Monday, 14 November 2011

'Wuthering Heights' review:

If you read certain newspapers you could be forgiven for thinking that things are getting worse by the day: that society is regressing and life on Earth is more miserable now than it was for our grandparents. This truism is, aside from being quite annoying, potentially destructive and alienating. Its effects can be seen in our most culturally conservative films: that of the "heritage" cinema. In the British heritage cinema, with its eyes set on international box office, we see this idea applied to the nineteenth century time and time again, where people are invariably more refined, elegant, witty and polite than ourselves. They live in magnificent houses surrounded by beautiful things and speak the clearest (and often most verbose) form of English.

In this cinema we not only play up to international expectations of what "Britishness" (or really "Englishness") is, but we portray ourselves as we wish to be seen. This it at its most troubling when it comes to representations of race - where black faces are erased from British history in spite of the fact that London has been a multicultural city since before the time of Shakespeare - and, of course, social class. There have certainly been handsome and enjoyable period films over the years but there can be little doubt that the genre is staid and in need of a shake-up. Luckily Andrea Arnold, the director of 'Red Road' and 'Fish Tank', has done just that with a dirty, sweary and determinedly working class adaptation of 'Wuthering Heights'.

In this tale of doomed romance she recasts the central role of Heathcliff, an enigmatic social outsider, as black whilst Cathy and her family speak with thick regional accents. It's the 'Batman Begins' of period movies: a gritty game-changer that injects realism into a genre more commonly resembling fantasy. The dimly lit interiors speak of a time before electricity and our restricted view of the world (the whole thing takes place in one rural community) creates a sense of isolation. Use of anachronistic swear words and racial slurs, along with dynamic handheld cameras, also paints the past in such a way that it feels alive and the people real. The decision to again cast many non-actors (which worked so well in 'Fish Tank') also ensures there is little chance of mistaking this for an episode of 'Downton Abbey'.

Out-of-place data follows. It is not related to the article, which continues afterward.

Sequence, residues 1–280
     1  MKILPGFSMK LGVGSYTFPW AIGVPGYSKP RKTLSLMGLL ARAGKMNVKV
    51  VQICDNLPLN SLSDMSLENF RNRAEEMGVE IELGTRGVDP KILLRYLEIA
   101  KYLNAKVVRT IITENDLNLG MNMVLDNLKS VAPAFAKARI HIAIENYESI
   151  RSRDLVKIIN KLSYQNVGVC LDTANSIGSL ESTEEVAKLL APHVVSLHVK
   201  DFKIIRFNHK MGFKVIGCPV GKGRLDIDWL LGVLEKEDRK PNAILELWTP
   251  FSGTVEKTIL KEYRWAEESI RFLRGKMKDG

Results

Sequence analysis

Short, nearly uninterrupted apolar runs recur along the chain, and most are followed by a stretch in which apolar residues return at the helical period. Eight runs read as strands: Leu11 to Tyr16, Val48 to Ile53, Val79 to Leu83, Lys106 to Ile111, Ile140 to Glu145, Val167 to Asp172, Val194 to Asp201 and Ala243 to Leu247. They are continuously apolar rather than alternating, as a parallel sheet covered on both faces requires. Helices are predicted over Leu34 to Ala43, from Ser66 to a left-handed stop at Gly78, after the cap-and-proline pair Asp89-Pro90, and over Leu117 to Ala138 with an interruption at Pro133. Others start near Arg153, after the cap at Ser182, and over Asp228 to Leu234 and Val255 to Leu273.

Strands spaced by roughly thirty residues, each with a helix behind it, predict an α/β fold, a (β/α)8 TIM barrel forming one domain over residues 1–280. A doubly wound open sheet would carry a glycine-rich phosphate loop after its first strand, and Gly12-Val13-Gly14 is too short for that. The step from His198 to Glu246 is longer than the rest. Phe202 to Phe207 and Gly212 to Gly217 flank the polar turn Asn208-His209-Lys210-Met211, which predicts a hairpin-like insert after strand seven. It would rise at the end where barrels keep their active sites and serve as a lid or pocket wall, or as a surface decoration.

These divergences from the standard tropes of period film are not merely cosmetic but help tell the story - and in lieu of any lengthy dialogue, displaying an admirable confidence in the power of images above the spoken word. Admittedly my knowledge of Emily Brontë's nineteenth century novel extends only as far as the Kate Bush song, but the director's vision seems faithful to that of the Gothic novel as far as I can tell. The story is stripped to the bear essentials, but the elemental animal passion of the characters comes across, especially in the first half of the film depicting childhood. Having a black Heathcliff serves to imbue scenes with deeper significance - such as when he is treated as a domestic servant, beaten and locked up - whilst it also strengthens the feeling that he and the white Cathy will never be accepted as lovers.

The tragedy of Cathy and Heathcliff's destructive love-hate relationship and unconsummated love comes across vividly, as does the fecund and windswept setting, marking this as a successful adaptation of the story. But the greatest achievement - and hopefully most lasting influence - of the piece is in Arnold so boldly shaking the British costume drama by the shoulders. There will always be an audience for glossy nineteenth century literary adaptations about gaudy dresses and well-maintained topiary (and they will likely always generate more money than Arnold's film), but this is the clearest evidence since Kubrick's 'Barry Lyndon' that this most stagnant of genres can be as gutsy and relevant as any other.

'Wuthering Heights' is out now in the UK where it is rated '15' by the BBFC.

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